It’s a Tie! DCR’s Internship Program is a Win-Win for Interns and Company | DCR Workforce Blog

It’s a Tie! DCR’s Internship Program is a Win-Win for Interns and Company

You need a job but you don’t have experience. What good is your college degree if it only provides you with theoretical expertise? This is a real Catch-22 for students. For those wanting to kick start their careers, they often turn to an internship for much-needed on-the-job real world experience.

Internships exist in a variety of industries and often are linked to professional careers, while apprenticeships often refer to a craft or trade. In exchange for services the intern receives experience and the company gets a fresh set of eyes.

An internship can be paid, unpaid, partially paid (as in the form of a stipend) or result in college credit. If unpaid, internships are usually subject to stringent labor guidelines through U.S. federal law, which mandates that unpaid interns must not benefit the company financially nor displace paid employees. Some states, such as California, regulate internships by stipulating that unpaid interns must receive college credit in exchange for their work.

An internship can be an experiment to see if you like a position or a company, a way to travel the world with internships abroad or even a means to transition from one career to another. Additionally, virtual internships are growing in popularity for certain fields, such as marketing and technology, where the participants can work remotely.

While some consider an internship as a temporary job, it can lead to full-time employment more often than not. A 2016 survey by the National Association of Colleges and Employers (NACE) of U.S. employers with interns found that employers offered permanent positions to 72.7% (up from 67% in 2009) of their interns after their terms were complete.

Create a successful internship program

Looking to set up your own internship program? It may seem daunting but the experts at give you a simple 12-step plan to create an internship program that covers how to:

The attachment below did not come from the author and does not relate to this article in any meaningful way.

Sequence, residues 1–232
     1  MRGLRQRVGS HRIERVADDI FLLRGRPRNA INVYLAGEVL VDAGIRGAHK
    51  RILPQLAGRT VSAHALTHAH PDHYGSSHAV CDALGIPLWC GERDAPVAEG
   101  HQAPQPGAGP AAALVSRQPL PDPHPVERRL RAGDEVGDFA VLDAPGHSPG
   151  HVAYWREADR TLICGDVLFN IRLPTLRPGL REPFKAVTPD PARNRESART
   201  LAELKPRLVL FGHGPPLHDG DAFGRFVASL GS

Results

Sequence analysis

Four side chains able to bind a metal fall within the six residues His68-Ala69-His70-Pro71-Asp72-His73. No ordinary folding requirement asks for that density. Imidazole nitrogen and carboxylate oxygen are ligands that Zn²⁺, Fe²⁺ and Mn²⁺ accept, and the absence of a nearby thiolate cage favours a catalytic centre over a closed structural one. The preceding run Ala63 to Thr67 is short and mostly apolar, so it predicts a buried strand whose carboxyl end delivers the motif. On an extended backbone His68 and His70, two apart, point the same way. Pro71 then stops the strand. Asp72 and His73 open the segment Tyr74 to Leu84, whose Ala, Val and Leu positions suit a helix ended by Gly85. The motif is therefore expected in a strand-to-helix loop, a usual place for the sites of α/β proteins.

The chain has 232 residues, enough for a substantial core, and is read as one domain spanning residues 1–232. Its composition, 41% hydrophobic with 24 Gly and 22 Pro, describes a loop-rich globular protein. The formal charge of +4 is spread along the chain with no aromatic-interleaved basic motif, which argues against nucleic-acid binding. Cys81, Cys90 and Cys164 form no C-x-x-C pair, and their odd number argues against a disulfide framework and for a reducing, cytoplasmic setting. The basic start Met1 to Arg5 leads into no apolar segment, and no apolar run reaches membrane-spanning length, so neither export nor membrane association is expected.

1. Learn about the landscape.
  2. Evaluate your company.
  3. Learn about the legal ramifications.
  4. Understand how educational credit works.
  5. Gain business-wide buy-in.
  6. Design a stellar program.
  7. Decide on the compensation/credit plan.
  8. Delegate responsibilities internally.
  9. Select a start and end date.
  10. Post the position.
  11. Evaluate the candidates.
  12. Interview and hire interns.

Interns win; DCR wins

Internships can help someone determine whether a specific industry is right for them. “Interns get to see the technical side of working at a company like DCR,” said Lucas Santos, Business Development Analyst. “They can assimilate what they learn in school and put it to use in the real world.”

With an intern, companies can test the waters without making a full commitment. Also, they may have special projects where they require some expertise they don’t have in-house.

“I worked with an intern on a special project,” said Lindsay Castro, Supplier Relationship Analyst. “It’s great to have a fresh, innovative mind full of new ideas. We can take their ideas and combine it with our proven technology to create something brand new for our customers.”

For the intern and the employer alike, it’s really a win-win situation. For a peek into the internship program at DCR, check out DCR’s Internship Program video:

Do you have an internship program tip? Please share below!

The content on this blog is for informational purposes only and cannot be construed as specific legal advice or as a substitute for competent legal advice. They reflect the opinions of DCR Workforce and may not reflect the opinions of any individual attorney. Do contact an attorney for advice specific to your issue or problem.
Elise is DCR’s HR Manager responsible for everything from compliance to employee relations to admin to just plain old fun. She believe in an “I’m on it” approach when it comes to dealing with being proactive and going above and beyond on the job or when conquering new projects, changes, and challenges.